Getting to know yourself and how your personality traits relate to people involved in various career opportunities is very important in your decision making process. During my many years in Human Resources and College Recruiting, I ran across too many students who had skipped this very important step and ended up in a job situation which for which they were not well suited. Selecting a career area is like buying a pair of shoes. First you have to be properly fitted for the correct size, and then you need to try on and walk in the various shoe options to determine which is fits the best and is most comfortable for you to wear. Following are some important steps which I developed during my career which have been helpful to many .


Ken recommends the following next steps:

The first step is to take an interest and aptitude test and have it interpreted by your school counselor to see if you share the personality traits necessary to enter the field. You might want to do this again upon entry into college, as the interpretation might differ slightly due to the course offering of the school. However, do not wait until entering college, as the information from the test will help to determine the courses that you take in high school. Too many students, due to poor planning, end up paying for courses in college which they could have taken for free in high school.
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Next, when you have the results of the testing, talk to the person at your high school and college who tracks and works with graduates to arrange to talk to, visit, and possibly shadow people doing what you think that you might want to do, so that you can get know what they are doing and how they got there. Here are some tips: ## http://www.wikihow.com/Network ## ## https://www.themuse.com/advice/nonawkward-ways-to-start-and-end-networking-conversations ## ## https://www.themuse.com/advice/4-questions-to-ask-your-network-besides-can-you-get-me-a-job?ref=carousel-slide-1 ##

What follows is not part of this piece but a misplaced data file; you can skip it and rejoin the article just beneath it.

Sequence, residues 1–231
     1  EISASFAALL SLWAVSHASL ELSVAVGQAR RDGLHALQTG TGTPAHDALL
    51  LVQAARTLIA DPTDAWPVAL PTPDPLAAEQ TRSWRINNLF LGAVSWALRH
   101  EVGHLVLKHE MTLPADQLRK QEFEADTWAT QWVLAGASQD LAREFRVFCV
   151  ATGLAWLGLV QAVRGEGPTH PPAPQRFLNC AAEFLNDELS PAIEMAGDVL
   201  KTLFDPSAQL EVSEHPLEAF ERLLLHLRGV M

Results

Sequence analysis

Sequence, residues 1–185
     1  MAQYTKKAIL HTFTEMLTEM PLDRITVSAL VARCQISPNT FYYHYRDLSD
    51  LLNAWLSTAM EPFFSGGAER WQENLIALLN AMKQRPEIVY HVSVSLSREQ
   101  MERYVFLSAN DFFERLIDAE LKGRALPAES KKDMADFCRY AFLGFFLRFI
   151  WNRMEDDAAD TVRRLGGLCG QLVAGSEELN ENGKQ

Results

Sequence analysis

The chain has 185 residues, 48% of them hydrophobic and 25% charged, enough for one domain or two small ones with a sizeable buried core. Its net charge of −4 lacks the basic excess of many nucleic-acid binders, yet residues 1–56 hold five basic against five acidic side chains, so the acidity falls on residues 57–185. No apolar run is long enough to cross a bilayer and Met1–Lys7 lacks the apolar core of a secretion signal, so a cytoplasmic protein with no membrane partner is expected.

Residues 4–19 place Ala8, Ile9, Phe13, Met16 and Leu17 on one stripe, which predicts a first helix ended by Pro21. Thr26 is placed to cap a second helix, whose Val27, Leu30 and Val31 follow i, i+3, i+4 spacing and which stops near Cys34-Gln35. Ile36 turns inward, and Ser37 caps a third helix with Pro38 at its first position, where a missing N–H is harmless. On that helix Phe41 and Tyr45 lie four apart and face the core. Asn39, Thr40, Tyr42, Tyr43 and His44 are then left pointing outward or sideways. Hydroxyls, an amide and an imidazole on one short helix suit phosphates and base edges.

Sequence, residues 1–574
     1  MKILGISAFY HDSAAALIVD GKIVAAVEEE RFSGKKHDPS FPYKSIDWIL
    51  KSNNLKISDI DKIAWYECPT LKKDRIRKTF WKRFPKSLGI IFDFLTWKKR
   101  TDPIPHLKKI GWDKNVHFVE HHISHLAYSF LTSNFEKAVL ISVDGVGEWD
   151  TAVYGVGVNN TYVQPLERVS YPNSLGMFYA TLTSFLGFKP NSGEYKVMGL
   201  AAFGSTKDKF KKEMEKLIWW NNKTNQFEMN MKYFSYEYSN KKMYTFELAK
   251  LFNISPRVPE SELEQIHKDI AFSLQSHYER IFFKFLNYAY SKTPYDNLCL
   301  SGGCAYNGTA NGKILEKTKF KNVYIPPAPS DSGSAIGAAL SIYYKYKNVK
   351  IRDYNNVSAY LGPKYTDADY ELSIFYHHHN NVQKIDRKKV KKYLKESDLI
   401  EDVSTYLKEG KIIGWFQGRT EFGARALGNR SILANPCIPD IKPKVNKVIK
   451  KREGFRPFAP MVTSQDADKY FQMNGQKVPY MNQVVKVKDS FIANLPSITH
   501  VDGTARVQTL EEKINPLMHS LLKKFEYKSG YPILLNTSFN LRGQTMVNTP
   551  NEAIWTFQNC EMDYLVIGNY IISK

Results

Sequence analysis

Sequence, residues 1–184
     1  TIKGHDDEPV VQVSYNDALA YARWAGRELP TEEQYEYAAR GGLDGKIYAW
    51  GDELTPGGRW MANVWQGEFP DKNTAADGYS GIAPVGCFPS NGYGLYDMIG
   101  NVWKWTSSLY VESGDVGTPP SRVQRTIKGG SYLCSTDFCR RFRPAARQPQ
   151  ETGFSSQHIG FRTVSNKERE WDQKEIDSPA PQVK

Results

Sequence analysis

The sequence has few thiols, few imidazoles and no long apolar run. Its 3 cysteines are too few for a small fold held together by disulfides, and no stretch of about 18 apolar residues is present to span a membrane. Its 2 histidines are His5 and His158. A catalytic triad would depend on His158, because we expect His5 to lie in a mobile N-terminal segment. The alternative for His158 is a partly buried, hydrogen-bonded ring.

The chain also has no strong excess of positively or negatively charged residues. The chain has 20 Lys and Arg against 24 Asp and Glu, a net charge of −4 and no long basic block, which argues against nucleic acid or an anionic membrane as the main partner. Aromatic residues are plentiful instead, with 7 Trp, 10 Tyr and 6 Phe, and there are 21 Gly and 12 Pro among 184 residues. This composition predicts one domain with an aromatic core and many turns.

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Locate and attend meetings of professional associations to which people who are doing what you think that you want to do belong, so that you can get their advice. These associations may offer or know of intern, coop, shadowing, and scholarship opportunities. These associations are the means whereby the professionals keep abreast of their career area following college and advance in their career. You can locate them by asking your school academic advisor, favorite teachers, and the reference librarian at your local library. Here are some tips: ## https://www.careeronestop.org/BusinessCenter/Toolkit/find-professional-associations.aspx?&frd=true ## ## https://www.themuse.com/advice/9-tips-for-navigating-your-first-networking-event ##
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• It is very important to express your appreciation to those who help you along the way to be able to continue to receive helpful information and to create important networking contacts along the way. Here are some good tips: ## https://www.themuse.com/advice/the-informational-interview-thank-you-note-smart-people-know-to-send?ref=recently-published-2 ## ## https://www.themuse.com/advice/3-tips-for-writing-a-thank-you-note-thatll-make-you-look-like-the-best-candidate-alive?bsft_eid=7e230cba-a92f-4ec7-8ca3-2f50c8fc9c3c&bsft_pid=d08b95c2-bc8f-4eae-8618-d0826841a284&utm_medium=email&utm_campaign=daily_20171020&utm_source=blueshift&utm_content=daily_20171020&bsft_clkid=edfe52ae-9e40-4d90-8e6a-e0bb76116570&bsft_uid=54658fa1-0090-41fd-b88c-20a86c513a6c&bsft_mid=214115cb-cca2-4aec-aa86-92a31d371185&bsft_pp=2 ##